“My son had an assessment to see what foundational skills were missing, such as fluency, comprehensions, the core areas of reading,” Kaytee said. She adds that CALE educators methodically searched for and discovered the things her son needed to work on, then successfully taught and monitored those skills.
But CALE’s biggest goal is to reach out to the community at large.
“We will offer workshops to all educators so that they can come learn about the reading practices in place. We also run a tutoring center,” Kaytee says.
Susan adds, “The three of us are just very passionate about all children having access to the best instructional resources. It’s about partnering with public school students, homeschoolers, tutoring any child who walks through the door and elevating any student’s learning.”
However, since CALE has no public funding, its desire to reach the community is somewhat hindered. They are currently trying to start a scholarship program that will allow children from all socioeconomic backgrounds to enjoy the educational opportunities CALE offers.
“To bolster our scholarship fund,” Jill says, “we are actively looking for people who also believe in the idea that some kids need a different setting or need different help or attention, or maybe they need to be challenged. Really, that comes down to getting donors who would like to fund scholarship opportunities.”
From the feedback and research Susan has gotten, she is convinced that many parents would like to put their children in CALE but do not have the means to do so right now. Susan explains, “Students are under-represented and under-served—students who are in poverty, foster care, refugee families. We have lots of folks who would love to be here, and we have to find people who would love to support them.”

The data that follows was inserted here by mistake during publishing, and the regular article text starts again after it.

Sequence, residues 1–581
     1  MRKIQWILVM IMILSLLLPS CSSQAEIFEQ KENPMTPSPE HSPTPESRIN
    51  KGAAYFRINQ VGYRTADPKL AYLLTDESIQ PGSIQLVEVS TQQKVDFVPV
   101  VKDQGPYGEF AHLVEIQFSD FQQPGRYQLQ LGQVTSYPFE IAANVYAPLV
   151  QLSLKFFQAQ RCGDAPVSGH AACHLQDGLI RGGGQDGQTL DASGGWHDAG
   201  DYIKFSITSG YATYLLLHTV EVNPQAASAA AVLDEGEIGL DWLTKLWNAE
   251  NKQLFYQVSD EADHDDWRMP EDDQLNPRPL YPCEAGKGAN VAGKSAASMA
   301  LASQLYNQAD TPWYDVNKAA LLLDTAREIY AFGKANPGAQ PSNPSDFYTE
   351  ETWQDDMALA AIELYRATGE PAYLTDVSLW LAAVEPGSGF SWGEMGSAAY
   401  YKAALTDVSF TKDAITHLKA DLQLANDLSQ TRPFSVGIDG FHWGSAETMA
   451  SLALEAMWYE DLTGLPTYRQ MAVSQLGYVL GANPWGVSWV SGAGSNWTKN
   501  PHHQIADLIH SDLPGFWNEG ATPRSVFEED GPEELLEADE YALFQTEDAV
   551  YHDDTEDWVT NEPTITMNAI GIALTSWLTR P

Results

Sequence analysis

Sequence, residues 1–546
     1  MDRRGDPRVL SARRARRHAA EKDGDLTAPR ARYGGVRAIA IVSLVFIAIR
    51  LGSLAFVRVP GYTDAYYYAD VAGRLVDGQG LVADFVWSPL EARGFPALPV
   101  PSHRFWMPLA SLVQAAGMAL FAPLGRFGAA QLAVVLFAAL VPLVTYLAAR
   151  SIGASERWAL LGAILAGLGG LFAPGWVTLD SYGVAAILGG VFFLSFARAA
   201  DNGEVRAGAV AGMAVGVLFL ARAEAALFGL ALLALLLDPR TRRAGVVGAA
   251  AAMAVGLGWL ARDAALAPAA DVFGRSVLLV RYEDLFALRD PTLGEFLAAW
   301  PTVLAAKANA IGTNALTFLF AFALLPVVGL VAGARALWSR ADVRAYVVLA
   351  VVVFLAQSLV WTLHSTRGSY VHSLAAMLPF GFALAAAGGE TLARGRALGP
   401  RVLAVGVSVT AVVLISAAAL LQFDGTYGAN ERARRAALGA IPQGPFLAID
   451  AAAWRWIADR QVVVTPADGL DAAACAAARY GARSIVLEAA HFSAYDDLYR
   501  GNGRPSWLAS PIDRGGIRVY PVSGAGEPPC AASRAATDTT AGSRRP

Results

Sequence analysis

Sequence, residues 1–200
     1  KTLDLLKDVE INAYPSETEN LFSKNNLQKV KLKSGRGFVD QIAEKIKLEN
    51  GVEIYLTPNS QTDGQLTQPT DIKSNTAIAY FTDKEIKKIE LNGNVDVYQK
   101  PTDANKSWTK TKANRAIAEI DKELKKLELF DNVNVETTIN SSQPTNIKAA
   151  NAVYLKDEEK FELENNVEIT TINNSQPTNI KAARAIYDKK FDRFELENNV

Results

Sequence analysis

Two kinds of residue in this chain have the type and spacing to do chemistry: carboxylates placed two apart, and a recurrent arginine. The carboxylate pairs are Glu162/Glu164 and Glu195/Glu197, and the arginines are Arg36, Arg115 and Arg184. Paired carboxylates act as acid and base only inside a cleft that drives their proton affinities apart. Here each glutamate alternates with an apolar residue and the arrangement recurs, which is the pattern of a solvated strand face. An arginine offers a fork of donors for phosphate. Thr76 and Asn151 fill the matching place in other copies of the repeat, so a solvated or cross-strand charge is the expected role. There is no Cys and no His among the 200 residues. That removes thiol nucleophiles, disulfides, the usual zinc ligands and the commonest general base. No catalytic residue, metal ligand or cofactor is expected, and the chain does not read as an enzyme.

Jill says that, besides the parents who have paid tuition or donated, “we just have no funding. We’ve done all of this on our own. There’s no big foundation behind it; no big loan. We just took our passion into practice and do our best with the tuition that comes in.”
This is where the COMO community has a chance to step in and make a difference in many young peoples’ futures. CALE is a rare institution that has the benefit of passionate educators who are armed with decades of experience and specialized doctorates.
As Susan says, “I do think our backgrounds allow us to truly take everyone.”
However, CALE needs the support of the community to fund scholarships for prospective students. The educators’ hope for CALE is that the community will see the importance of an educational institution that can provide instruction that helps all children reach their highest potential and connects to families that may not have the educational options they need.
“We’ve provided a space that is great for [students]. Our families are amazing and very involved,” Jill says. “It is our hope that we can remove any barrier from a family to give kids the education they need. We don’t want money to be a barrier to children who need a loving educational environment. If we could find a way to remove that and say ‘yes’ to families who are looking for a way to give education to their kids, that would just be amazing!”
Columbia Academy for Learning and Enrichment